[This interview contains spoilers for the Monday, Feb. 15, season two premiere of AMC’s Better Call Saul.]
Monday’s return of Better Call Saul featured the return of several familiar faces.
Everybody, of course, recognized Gene from Omaha, the post-Breaking Bad alter ego of Saul Goodman, now a mustachioed Cinnabon employee living a black-and-white life of extra frosting and quiet desperation.
But how many fans recognized Kyle Bornheimer’s Ken, the financial planning moron scammed into a hefty tequila and apps bill by Jimmy and Kim, as KEN WINS, the similarly obnoxious businessman from “Cancer Man,” the fourth episode of the very first season of Breaking Bad?
The premiere, titled “Switch,” was written and directed by Thomas Schnauz, who did similar double-duty on last season’s “Pimento” and on the Breaking Bad classic “Say My Name.”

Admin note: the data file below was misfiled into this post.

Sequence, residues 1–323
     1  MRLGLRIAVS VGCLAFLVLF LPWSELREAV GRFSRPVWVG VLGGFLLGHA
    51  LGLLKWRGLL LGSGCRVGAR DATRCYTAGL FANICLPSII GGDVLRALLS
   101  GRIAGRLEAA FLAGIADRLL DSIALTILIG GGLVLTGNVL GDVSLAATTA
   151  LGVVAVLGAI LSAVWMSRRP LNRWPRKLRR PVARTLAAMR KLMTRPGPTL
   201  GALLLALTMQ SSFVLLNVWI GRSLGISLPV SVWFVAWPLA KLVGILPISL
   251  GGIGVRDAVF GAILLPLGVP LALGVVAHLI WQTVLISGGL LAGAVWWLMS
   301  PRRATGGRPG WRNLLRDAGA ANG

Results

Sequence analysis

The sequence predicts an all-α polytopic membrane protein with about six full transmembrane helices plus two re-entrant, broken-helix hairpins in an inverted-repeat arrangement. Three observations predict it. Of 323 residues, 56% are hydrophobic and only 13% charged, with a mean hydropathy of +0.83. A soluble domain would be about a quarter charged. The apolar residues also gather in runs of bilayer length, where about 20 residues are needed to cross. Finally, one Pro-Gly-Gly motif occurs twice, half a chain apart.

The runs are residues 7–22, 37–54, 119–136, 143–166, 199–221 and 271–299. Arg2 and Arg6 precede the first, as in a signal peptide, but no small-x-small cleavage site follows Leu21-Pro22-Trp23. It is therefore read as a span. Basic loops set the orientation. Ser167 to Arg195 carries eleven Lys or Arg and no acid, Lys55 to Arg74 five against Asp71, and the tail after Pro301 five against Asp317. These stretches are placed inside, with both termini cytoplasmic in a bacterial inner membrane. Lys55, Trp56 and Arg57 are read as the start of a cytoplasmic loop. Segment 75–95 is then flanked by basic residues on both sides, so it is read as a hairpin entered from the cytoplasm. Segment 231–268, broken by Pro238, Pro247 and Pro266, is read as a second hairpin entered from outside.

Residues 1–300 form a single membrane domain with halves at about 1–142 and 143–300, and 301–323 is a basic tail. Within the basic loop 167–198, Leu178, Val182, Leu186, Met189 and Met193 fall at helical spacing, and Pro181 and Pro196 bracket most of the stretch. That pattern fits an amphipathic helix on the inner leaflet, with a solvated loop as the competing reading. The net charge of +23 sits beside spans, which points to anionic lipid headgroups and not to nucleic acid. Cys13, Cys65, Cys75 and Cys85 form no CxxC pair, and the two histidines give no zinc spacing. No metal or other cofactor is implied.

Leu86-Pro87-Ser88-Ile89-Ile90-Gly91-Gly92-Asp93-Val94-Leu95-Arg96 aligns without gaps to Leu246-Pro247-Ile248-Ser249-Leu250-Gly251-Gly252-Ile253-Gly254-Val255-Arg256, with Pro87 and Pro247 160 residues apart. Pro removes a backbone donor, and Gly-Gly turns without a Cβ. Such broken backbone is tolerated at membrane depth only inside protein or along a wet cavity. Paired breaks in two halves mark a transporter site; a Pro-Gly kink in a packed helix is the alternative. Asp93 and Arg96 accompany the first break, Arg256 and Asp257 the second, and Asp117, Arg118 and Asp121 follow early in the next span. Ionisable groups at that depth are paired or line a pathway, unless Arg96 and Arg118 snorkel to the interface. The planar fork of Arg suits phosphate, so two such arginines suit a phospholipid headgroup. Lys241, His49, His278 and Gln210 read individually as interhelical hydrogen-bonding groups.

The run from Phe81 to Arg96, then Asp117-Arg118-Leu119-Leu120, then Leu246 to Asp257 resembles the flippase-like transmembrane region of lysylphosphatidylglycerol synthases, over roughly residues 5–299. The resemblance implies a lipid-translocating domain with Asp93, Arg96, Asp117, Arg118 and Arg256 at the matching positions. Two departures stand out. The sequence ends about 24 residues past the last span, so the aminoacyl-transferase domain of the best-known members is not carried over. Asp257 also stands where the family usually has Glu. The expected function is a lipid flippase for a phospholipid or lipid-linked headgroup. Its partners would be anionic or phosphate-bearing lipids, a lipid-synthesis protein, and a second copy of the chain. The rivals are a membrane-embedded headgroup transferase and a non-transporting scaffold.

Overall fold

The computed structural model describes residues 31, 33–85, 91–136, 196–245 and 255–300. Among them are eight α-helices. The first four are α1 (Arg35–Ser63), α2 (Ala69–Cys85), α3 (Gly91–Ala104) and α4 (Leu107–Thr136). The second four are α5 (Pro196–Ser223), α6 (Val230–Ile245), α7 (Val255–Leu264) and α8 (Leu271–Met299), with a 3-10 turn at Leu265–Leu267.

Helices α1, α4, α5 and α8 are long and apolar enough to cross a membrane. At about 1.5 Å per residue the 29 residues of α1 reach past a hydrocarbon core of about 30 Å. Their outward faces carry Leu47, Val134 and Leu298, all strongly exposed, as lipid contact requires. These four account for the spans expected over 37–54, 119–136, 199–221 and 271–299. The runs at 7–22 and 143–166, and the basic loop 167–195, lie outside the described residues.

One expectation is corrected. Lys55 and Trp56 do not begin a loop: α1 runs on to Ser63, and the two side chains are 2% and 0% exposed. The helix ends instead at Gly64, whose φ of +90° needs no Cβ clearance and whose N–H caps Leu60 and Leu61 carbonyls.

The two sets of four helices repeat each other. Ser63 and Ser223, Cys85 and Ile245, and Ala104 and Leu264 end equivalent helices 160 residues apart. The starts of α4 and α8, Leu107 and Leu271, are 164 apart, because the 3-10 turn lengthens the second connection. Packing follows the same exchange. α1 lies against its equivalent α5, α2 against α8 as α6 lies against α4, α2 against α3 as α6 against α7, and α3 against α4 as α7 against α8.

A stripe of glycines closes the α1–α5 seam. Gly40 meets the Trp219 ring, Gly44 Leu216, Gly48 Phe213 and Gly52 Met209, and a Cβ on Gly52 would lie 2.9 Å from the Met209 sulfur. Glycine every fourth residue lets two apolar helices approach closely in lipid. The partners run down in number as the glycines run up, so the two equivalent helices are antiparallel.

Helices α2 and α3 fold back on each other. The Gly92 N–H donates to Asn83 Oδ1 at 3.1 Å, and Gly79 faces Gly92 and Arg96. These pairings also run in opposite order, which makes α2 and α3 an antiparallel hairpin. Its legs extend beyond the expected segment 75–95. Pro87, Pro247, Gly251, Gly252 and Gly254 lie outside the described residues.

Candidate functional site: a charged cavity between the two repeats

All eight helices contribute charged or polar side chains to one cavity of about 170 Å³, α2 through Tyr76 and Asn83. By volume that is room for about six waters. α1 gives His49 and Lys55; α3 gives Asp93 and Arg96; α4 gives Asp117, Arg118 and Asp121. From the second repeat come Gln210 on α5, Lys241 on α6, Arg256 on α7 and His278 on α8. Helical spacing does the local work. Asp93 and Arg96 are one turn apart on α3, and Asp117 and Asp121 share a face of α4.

The Hollywood Reporter talked with Schnauz about the Gene from Omaha opening and the future of that black-and-white world as well as the surprising empathy the writers have found for Jimmy McGill and how that has changed the progress of Better Call Saul in its journey toward Saul Goodman.
Check out the Q&A …
What are the pleasures and challenges of getting to do that five minute black-and-white Omaha short film that starts the season?
I was so damn excited to be able to get to do that! Bob [Odenkirk] just inhabits that character so great, and our d.p. Arthur Albert makes it look so beautiful, the black-and-white. It was just fun. The most challenging thing for me is that we had to go and take over this mall overnight, because we had to shoot after-hours, after the mall closed, so it’s hard on the crew, because it was a Friday night and we’re shooting into early Saturday morning, so that’s taxing. The end results, I’m very proud of what we got to do there, especially the dumpster sequence, because that was actually a different location, so we got to shoot all the stuff of him walking through the mall and being in Cinnabon in an actual mall and then the dumpster scene with the different location.
Other than the black-and-white of it, are there other pieces of the cinematic grammar that you change for these Omaha scenes?